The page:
Prof. Dr. Ulrike Klinger is Professor for Media and Communication Science at FU Berlin, with a special focus on digital communication and gender aspects. Since 2018, Ulrike is head of the research group „News, Campaigns and the Rationality of Public Discourse“ at the Weizenbaum Institute. Her research focuses on political communication, the transformation of digital public spheres, local communication and digital technologies such as algorithms or social bots. Ulrike Klinger completed her doctorate in Political Science at Goethe University Frankfurt am Main in 2010. From 2009 to 2018 she was a postdoctoral researcher at the Institute for Communication Science and Media Research at the University of Zurich, a visiting researcher at Alexander von Humboldt Institute for Internet and Society HIIG in Berlin (2013) and the Center for Information Technology and Society CITS at the University of California in Santa Barbara (2017), and visiting professor for digital communication at Zeppelin University Friedrichshafen (WS 2016/2017).
Prof. Dr. Curd Knüpfer is an assistant professor of political science with a focus on political communication and the US media system, working at the Freie Universität Berlin. Previously, he co-headed research group 15 (Digitalization and the Transnational Public Sphere) at the Weizenbaum Institute, where he continues to be an associated researcher. Before that, he worked as a postdoctoral researcher at the George Washington University’s School of Media and Public Affairs. His research focusses lies on the dynamics of frame competition as well as right-wing politics and (digital) media.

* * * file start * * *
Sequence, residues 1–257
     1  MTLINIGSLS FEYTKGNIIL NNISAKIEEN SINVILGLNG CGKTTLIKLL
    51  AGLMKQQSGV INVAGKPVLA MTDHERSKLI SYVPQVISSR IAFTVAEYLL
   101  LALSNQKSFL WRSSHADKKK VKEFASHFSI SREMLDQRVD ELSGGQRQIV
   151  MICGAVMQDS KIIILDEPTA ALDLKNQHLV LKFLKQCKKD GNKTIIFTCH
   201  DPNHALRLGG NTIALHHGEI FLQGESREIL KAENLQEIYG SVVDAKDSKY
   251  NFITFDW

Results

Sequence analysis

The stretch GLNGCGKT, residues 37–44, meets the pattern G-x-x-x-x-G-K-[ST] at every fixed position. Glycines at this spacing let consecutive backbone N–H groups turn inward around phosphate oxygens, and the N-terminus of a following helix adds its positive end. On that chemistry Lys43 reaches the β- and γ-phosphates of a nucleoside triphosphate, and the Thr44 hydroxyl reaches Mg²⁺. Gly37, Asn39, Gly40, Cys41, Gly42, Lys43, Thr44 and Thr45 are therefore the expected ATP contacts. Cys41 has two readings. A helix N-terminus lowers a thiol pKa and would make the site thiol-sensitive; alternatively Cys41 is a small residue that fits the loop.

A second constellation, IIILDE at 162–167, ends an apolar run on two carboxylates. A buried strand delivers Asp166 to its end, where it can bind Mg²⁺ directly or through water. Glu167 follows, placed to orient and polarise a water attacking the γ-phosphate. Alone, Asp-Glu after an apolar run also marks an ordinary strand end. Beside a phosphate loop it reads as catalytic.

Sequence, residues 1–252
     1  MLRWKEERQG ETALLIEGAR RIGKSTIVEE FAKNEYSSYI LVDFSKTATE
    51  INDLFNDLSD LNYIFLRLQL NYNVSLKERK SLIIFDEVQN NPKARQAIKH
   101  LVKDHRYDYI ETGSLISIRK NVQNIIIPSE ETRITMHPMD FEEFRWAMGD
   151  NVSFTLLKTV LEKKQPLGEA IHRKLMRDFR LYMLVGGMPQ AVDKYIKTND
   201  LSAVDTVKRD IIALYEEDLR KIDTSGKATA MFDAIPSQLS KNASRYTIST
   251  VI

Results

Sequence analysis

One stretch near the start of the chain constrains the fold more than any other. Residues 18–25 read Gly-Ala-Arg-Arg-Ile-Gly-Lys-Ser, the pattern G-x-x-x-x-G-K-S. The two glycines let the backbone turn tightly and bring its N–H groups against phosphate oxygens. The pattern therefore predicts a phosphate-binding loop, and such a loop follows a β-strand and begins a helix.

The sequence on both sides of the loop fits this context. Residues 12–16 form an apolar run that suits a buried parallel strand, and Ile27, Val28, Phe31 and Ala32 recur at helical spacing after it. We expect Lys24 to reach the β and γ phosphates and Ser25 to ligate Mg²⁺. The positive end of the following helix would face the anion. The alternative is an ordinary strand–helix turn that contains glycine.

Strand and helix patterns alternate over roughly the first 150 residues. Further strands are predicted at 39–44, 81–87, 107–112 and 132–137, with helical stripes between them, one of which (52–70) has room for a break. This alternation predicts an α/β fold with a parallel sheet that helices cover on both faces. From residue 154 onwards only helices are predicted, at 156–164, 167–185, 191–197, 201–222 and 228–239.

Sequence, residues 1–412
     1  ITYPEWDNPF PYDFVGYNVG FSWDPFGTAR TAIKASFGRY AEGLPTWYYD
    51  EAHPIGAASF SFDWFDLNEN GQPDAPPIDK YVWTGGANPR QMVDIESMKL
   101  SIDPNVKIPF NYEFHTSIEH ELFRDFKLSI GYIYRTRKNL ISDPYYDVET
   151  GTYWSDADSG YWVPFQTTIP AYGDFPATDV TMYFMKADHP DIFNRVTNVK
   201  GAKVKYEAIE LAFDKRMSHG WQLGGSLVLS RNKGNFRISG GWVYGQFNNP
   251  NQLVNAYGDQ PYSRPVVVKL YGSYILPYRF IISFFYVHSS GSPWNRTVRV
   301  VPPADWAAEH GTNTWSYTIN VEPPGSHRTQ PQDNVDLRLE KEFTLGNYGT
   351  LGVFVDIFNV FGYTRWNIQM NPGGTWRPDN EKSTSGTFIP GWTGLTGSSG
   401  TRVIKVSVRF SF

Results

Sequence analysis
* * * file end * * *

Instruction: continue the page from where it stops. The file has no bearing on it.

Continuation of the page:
Prof. Dr. Barbara Pfetsch is Professor for Media and Communication Science at the FU Berlin and head of the Division of Communication Theory and Media Effects Research. Her research and publications focus on international comparative studies of political communications and media, on the contents and structures of online issue networks and debates on the internet, on digital communication spaces and on the transformation of the public sphere due to digital communications. Barbara Pfetsch holds a doctorate in political science from the University of Mannheim and a habilitation from the FU Berlin.
She was previously a senior researcher at the WZB and in 2001 accepted a professorship at the University of Hohenheim. Fellowships and research grants took her to Hebrew University Jerusalem (Israel), the Center for Advanced Studies (CASBS) at Stanford University, the Shorenstein Center and the Minda de Gunzburg Center at Harvard University, and Georgetown University in Washington D.C. (all in the USA).